Following his coaching experience in the 1948 winter Olympic Games, which were held at St. Moritz, Switzerland, my father moved his family from Sun Valley back to Salt Lake City and took over the ski school at Alta. For the next forty years he ran the Alf Engen Ski School, which still carries his name. During those years he played a key role in developing many of the ski teaching techniques still being used and was mentor to many nowfamous ski professionals such as Junior Bounous, Max Lundberg, Bill Lash, Lou Lorentz, Keith Lange, and others. He was also one of the principals in establishing and running the Deseret News Ski School from 1948 through 1989. Over the years this particular ski outreach program has played a dramatic role in the development of skiers in the Intermountain region. Thousands of people from all walks of life and all age groups have been given the opportunity to learn to ski at very low cost through this program, which was started by my father, Wilby Durham (assistant general manager of the Deseret News), and Sverre Engen.

Alf's awards throughout his lifetime are too numerous to mention. However, some of the more important honors include sixteen U.S. national championship titles (representing jumping, cross-country, downhill, and slalom); the North American ski-jumping title in 1937; world records (he once broke the world record twice in the same day); the coveted Ail- American Ski Trophy in 1940; the Utah Skier of the Century Award in 1953; and election to the Helm's Hall of Fame in 1954, the U.S. Ski Hall of Fame in 1956, the Utah Sports Hall of Fame in 1970, and the Professional Ski Instructors of America—Intermountain Division Hall of Fame in 1989. In addition, he was selected and honored as one of the Founders of American Skiing in 1994, given the Utah Centennial "Once in a Hundred" award in 1996, and was named Utah's Athlete of the Century in December 1999 by the Salt LakeTribune.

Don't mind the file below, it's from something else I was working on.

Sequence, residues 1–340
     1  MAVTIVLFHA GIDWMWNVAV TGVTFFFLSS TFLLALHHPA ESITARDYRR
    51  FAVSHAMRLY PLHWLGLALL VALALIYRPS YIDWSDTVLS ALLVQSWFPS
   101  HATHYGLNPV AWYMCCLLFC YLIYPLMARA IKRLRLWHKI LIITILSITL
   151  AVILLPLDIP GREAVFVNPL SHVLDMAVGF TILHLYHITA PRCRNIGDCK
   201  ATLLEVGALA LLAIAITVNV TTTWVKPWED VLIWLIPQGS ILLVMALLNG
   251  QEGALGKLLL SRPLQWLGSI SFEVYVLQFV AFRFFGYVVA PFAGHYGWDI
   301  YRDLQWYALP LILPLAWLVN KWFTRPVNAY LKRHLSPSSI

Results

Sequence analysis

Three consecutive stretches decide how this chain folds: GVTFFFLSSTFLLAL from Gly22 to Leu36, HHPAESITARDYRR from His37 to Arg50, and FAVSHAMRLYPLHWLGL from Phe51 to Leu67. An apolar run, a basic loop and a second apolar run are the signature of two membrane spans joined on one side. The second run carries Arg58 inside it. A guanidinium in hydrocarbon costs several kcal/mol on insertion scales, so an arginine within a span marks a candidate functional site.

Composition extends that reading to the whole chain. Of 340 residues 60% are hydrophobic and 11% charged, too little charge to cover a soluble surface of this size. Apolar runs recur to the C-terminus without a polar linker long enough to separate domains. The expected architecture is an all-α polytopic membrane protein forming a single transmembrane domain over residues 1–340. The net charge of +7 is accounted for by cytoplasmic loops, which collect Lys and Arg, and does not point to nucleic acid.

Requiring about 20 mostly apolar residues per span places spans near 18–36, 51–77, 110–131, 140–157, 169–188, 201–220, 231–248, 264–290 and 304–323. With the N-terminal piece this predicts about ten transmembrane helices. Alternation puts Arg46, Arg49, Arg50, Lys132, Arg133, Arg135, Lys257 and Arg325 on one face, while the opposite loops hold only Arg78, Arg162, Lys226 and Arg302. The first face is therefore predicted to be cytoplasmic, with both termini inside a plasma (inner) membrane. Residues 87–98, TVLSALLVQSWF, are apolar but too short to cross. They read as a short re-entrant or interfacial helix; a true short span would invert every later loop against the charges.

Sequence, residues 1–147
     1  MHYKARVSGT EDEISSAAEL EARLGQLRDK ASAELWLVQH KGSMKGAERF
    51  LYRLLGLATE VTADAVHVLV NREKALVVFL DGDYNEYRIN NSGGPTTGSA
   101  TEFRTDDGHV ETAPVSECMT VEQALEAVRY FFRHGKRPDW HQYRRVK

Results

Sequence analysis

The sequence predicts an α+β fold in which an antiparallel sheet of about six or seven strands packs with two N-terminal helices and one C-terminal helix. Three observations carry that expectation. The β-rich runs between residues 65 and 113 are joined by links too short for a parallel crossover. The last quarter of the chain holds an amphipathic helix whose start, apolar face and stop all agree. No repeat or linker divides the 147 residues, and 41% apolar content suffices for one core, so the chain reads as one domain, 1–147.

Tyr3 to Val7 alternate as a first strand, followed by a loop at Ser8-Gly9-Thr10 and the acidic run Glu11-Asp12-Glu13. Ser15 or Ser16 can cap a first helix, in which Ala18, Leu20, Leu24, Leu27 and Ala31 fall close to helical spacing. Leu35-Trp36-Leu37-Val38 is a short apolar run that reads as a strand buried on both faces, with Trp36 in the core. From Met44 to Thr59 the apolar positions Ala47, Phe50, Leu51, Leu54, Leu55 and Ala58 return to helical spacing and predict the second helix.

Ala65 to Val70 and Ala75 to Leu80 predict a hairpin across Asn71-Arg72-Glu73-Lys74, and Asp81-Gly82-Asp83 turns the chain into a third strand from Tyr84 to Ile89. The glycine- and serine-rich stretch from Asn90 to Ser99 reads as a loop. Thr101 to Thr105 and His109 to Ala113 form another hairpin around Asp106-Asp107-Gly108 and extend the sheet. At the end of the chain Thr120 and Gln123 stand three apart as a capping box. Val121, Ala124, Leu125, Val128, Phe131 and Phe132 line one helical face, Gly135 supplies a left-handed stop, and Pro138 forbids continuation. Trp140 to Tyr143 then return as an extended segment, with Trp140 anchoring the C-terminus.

In the late summer of 2002, after the Olympics are over, another significant event is planned for Utah. A new facility called the Joe Quinney Winter Sports Center/Alf Engen Ski Museum will open to the public at the Utah Olympic Park near Park City. There, for the entire world to see, will be mementos from Alf's life plus an in-depth look at Utah's many contributions to ski history It is the hope of all those who have dedicated time and effort to this museum that it will indeed be a legacy not only of the 2002 Olympics but also of all the ski legends and pioneers who contributed so much to ski history in the Intermountain region.

Am I proud of my father? You bet I am! But my pride stems not so much from his accomplishments as from the kind of man he was. His passing in the summer of 1997 was indeed a loss for all who knew him. He seemed to love everyone, and people responded to him in kind. Perhaps the most fitting tribute that can be said about my father is what is written on his grave marker:

Born of Viking heritage; educated by the school of life experiences; molded to world-class greatness through competitive achievement and tempered by a heart filled with love and compassion for all people.